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“Mental health comes first”: the importance of mental health for student athletes

<p>Mental Health is vitally important to athletes.</p>

Mental Health is vitally important to athletes.

American gymnast Simone Biles withdrew from multiple 2020 Summer Olympic events after citing problems with her mental health. Since Biles opened up about her decision to withdraw, many athletes around the world have shown their support for her and spoken out about the importance of mental health.

One of those athletes was Lauren Parker, a senior goalkeeper for the Miami women’s soccer team.

“If your mind isn’t in the game, then you aren’t going to perform at your best level,” Parker said, “I thought it was very eye-opening to see someone that is so successful be able to do that because people will think you can do anything when you are at that level.”

Biles withdrew because of a mental disorientation known among gymnasts as the “twisties,” which is defined as a mental block that causes a loss of sense of orientation while twisting in the air. 

Sophomore synchronized skater Justine Ferrer related by saying, “There are some days when I simply can’t do something that I’ve been doing for ages.” 

Having mental blocks while competing can cause a lot of distraction for athletes and even lead to an inability to perform up to one’s normal standards. 

Mekhi Lairy, who has been playing basketball ‘since he was able to pick up the ball,’ is a senior guard for the RedHawks.

“I am one of those people who doesn’t really show emotion on the outside, and I hold everything in, which could be a distraction during competition,” Lairy said about the difficulties of mental blocks. “I’ve now learned how to not let anything negative come in between those 4 lines.”

Throughout the year, Miami athletes have to be full time students while also keeping in shape for their practices and competitions.

“I don’t think regular students understand the time commitment of being a full time student and having to perform the best that you possibly can as a student athlete,” Parker said. “I’ve had a hard time managing to be the best in both places.”

While some athletes find it stressful to do both, others find their sport helps with their stress. 

“Soccer is a time to get my stress out, so it often helps me to relieve some stress from outside,” Women’s Soccer midfielder Tyler Klika said.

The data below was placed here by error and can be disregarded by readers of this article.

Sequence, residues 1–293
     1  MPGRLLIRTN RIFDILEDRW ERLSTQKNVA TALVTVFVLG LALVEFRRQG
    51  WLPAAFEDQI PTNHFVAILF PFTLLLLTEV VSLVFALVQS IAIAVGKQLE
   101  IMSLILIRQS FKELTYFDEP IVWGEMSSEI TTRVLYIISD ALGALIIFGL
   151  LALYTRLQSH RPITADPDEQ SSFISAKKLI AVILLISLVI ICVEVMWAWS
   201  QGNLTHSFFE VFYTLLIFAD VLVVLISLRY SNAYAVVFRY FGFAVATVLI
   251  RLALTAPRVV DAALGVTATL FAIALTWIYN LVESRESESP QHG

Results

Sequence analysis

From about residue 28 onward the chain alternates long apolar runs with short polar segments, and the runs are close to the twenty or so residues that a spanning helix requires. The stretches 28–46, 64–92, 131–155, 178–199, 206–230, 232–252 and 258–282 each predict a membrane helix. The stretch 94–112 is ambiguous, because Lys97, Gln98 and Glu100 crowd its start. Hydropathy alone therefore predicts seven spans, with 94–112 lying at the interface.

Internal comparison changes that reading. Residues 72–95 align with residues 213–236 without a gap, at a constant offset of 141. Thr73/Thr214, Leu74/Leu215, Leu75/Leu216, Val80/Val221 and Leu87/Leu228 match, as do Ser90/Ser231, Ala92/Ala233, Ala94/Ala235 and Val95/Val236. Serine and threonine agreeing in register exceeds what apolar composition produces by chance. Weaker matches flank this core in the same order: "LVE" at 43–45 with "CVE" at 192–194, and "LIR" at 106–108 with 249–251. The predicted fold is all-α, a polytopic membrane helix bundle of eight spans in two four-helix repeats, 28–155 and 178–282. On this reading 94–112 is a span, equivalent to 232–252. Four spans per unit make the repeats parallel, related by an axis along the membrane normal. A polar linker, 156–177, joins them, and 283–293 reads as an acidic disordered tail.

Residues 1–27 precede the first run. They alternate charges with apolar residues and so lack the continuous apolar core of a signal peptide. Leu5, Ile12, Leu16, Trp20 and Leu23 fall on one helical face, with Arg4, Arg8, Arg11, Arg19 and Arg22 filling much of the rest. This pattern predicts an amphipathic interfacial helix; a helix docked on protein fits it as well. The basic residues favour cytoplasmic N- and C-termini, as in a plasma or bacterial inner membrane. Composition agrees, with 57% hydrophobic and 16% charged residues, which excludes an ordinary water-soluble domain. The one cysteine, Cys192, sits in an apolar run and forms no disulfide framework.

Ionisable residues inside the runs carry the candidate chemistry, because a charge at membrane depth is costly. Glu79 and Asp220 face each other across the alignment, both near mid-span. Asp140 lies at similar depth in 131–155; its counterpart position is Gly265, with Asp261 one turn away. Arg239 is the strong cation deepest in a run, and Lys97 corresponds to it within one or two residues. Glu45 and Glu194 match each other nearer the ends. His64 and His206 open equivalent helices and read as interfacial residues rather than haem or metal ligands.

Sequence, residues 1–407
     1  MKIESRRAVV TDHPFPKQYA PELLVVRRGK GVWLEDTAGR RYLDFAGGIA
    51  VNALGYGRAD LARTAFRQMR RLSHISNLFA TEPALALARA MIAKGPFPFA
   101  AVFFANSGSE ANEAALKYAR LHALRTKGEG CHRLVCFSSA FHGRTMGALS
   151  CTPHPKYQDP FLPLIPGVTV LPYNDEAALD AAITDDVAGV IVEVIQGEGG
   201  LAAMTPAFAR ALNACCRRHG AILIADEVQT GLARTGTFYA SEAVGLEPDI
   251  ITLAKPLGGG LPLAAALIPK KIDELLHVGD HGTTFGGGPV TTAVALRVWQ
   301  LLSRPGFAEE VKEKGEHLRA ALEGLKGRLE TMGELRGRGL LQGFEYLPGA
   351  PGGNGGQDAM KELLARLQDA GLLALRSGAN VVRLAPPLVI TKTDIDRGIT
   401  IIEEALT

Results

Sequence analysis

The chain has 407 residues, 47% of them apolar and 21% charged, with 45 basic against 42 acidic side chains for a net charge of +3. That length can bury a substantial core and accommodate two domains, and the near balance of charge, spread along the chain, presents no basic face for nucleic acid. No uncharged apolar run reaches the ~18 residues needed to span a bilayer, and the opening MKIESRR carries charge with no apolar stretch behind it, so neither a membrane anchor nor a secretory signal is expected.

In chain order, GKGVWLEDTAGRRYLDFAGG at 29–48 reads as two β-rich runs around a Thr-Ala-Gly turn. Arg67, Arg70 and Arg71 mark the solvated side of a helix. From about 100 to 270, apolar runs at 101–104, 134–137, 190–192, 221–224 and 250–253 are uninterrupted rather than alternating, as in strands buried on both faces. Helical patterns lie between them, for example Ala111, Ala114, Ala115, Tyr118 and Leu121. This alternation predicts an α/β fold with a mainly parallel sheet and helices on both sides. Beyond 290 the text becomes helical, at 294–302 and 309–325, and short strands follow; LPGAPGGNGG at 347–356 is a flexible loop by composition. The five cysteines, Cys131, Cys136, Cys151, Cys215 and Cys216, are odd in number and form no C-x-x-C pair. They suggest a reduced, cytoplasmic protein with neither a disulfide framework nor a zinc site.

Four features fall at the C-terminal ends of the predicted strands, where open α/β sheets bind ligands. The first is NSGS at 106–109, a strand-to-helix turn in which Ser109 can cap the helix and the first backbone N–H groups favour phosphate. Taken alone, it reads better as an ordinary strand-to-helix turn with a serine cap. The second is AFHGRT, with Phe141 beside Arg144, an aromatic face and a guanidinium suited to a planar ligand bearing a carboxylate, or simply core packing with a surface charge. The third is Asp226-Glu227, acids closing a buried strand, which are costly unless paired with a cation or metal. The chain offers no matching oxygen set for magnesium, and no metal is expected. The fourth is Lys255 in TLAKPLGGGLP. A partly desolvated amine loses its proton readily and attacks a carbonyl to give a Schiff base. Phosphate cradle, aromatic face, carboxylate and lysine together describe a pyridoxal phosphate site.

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For the student athletes who are having a difficult time with their mental health during their season, Miami University offers a sports psychologist, Jim Slager. 

Still, some athletes say this still isn’t good enough.

“I don’t think that I would say there’s enough [support],” Ferrer said. “It's a lot for one person to be in charge of sports psychology for an entire athletic department.”

While Miami has resources for its athletes on campus, some student athletes don’t take advantage of this support.

“You can give [people access to care], but that doesn’t mean people will take the help,” Parker said. “I think the reason mental health is so bad in student athletes is because they don’t want to feel weak.”

Many student athletes are advocating for mental health to be talked about more within the athletic community.

Ferrer is an ambassador for The Hidden Opponent, a non-profit organization dedicated to educating student athletes about mental health. 

“As an ambassador for the organization, I do what I can to spread awareness around student athlete mental health,” Ferrer said, “I’ve met athletes from around the country who are just as passionate about breaking the stigma as I am.”

While interning for Sports Health Institute, Parker learned about the importance of mental health education for athletes. 

“I think there needs to be more of an education,” Parker said, “because you can be looked at as weak for being upset or sad, and that’s not the case.”

miskem@miamioh.edu

@meganmiske

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